Today is my last in-person day of a beautiful, intense, deep learning experience at Teachers College, Columbia University in the Instructional Technology and Media MA Program. In an attempt to reflect on the experience as a whole I catch myself thinking about the intersection of topics apparently so distant from each other, but undeniably connected, such as Critical Theory and Managing Educational Technologies.
Thinking about the projects that were most meaningful to me in these 10 months of imagining, creating, playing, iterating, reading, researching, testing and sharing, the ones that make me smile the most all involve creating something, and/or designing to spark creativity in educational settings.
- The Catalyst Kit for Circles of Invention, designed in the course Tools and Toys for Knowledge Construction, supports making, invention, reading and connections between diverse children in public libraries in Brazil.
- The Computational Fortune was a great personal challege (as Java is really hard for me) and a wonderful group experience together with Lilian Yi-Hsuan Lin. As a final project for Object Oriented Theory and Programing we created a computer program that generates 3D models based on users’ reflection of the year 2017. The program translates their meaningful words into the vertices, edges, and faces of the generative forms that symbolize their dreams, hopes, and new year resolutions. No words, just an image is generated and one image is never like another. It is a celebration of diversity and art for the sake of art.
- The CardBoard Spark, final project for Managing Educational Technology Resources, another great group experience with Rocio, Jieqiong Li, Valerie and Avery, is a low cost customizable cardboard Furniture modular kit for students, teachers and schools to spark mindset and pedagogical shifts by encouraging student and teacher ownership in the creation of their own learning space.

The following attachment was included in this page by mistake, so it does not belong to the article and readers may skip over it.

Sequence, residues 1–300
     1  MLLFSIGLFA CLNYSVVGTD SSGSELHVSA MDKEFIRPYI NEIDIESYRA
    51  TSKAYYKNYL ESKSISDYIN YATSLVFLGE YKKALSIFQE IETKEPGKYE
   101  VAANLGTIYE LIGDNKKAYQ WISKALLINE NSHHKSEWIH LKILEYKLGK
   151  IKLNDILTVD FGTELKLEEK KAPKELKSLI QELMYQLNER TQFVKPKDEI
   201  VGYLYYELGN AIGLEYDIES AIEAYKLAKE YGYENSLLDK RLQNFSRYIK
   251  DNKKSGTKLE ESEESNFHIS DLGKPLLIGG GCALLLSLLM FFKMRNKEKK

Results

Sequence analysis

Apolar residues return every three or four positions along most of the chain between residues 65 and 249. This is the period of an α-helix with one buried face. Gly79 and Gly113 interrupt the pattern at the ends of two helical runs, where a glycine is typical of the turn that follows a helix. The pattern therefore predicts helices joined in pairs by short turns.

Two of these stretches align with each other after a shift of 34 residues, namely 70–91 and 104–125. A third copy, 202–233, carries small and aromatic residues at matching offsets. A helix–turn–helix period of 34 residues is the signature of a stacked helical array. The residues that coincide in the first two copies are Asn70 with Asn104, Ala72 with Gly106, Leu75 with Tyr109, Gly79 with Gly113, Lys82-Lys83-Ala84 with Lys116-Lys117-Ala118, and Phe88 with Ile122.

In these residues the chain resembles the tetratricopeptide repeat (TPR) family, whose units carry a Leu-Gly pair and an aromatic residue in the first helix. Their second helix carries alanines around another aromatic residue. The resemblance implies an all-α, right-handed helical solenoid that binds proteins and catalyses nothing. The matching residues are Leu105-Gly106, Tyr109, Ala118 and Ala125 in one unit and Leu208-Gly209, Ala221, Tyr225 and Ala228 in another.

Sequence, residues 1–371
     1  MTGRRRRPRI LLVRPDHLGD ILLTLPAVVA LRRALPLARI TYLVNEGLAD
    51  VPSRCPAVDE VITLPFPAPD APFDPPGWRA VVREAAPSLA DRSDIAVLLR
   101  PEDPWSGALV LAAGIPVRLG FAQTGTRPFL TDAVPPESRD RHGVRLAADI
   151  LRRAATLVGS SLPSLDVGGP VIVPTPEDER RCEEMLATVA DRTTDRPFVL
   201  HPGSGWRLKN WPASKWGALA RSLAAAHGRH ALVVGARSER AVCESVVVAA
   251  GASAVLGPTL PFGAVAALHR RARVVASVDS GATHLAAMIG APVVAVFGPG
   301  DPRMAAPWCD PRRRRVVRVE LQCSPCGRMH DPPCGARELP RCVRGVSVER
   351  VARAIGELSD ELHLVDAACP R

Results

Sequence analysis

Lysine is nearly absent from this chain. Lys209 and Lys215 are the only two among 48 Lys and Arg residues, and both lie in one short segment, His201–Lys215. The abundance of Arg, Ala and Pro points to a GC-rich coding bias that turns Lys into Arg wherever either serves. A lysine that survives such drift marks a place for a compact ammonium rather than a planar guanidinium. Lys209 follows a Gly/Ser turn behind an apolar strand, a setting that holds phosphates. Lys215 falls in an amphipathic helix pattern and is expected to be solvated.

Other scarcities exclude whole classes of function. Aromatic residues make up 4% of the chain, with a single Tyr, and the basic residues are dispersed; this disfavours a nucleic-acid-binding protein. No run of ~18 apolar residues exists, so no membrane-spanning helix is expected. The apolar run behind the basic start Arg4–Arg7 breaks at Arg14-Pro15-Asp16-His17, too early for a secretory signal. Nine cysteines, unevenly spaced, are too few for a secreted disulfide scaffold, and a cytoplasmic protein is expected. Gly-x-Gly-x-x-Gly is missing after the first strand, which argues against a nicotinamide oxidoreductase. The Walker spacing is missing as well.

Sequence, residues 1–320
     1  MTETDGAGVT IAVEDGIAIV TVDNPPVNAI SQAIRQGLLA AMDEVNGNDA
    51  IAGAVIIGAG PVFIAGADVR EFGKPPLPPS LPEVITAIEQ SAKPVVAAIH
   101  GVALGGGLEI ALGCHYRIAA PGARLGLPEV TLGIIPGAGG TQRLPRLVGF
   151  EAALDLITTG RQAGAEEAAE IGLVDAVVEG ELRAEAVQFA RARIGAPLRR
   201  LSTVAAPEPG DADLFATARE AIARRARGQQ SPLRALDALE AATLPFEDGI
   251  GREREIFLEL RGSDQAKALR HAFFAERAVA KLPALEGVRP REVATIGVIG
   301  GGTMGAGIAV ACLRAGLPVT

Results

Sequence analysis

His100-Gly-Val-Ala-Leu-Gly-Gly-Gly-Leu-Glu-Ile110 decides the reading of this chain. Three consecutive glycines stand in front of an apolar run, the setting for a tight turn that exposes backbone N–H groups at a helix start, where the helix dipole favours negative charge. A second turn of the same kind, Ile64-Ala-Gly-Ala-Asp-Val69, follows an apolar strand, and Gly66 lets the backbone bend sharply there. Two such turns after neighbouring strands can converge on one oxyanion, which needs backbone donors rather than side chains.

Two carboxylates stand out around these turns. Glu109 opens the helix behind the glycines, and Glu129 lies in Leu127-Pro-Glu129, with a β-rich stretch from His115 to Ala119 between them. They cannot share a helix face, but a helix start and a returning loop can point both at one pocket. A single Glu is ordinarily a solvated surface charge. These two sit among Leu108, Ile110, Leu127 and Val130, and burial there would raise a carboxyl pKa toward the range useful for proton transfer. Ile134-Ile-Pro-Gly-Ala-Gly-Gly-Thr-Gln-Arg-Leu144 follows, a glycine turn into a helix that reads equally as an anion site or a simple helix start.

- ReMake, once again a beautiful team experience with a diversified group – Daniela, Nicola and Mat – for the course Instructional Design of Educational Technologies is a program for women over 50 in Brazil who feel disenfranchised in a society that sexist and ageist. The goal of the program is through digital literacy and maker-centered activities engage women in a journey of self-reflection, personal expression, sharing, and the remaking their own present and future narratives.
Last week, immersed for two days in a Critical Theory workshop with Prof. Brookfield, reading, thinking and discussing topics such as ideology, liberation, power and contemporary criticality, I was personally drawn to the discussion of the aesthetic dimension. For Herbert Marcuse “art subverts the dominant consciousness, the ordinary experience…the political potential of art lies only in its own aesthetic dimension” (in Brookfield 2010, 146) It made me think of the paths I have chosen as an educator, mother, citizen and learner pursuing the possibility for space and time for more creative learning in life and in schools enabling more subjective personal expression with the ultimate goal of cultivating a more just, diverse and inclusive society committed to the common good.
Thinking back to technology integration in schools and technology resource management, to actually enhance learning, promote the building of communities, support problem solving and creativity, issues such as citizenship, diversity, the common good, ethical decision making, flow of communication and power are at the forefront, echoing essential questions in critical theory. During the last book presentation in my Facilitating Adult Learning Course I came across a quote by Brookfield on the aesthetic dimension, that, to me, as I try to give closure to this whole TC experience, serves as a guide as I think of my work with design thinking and creative technologies. “The purpose of life is the experiential pursuit of beautiful consequences” (Brookfield, 2010, p.15)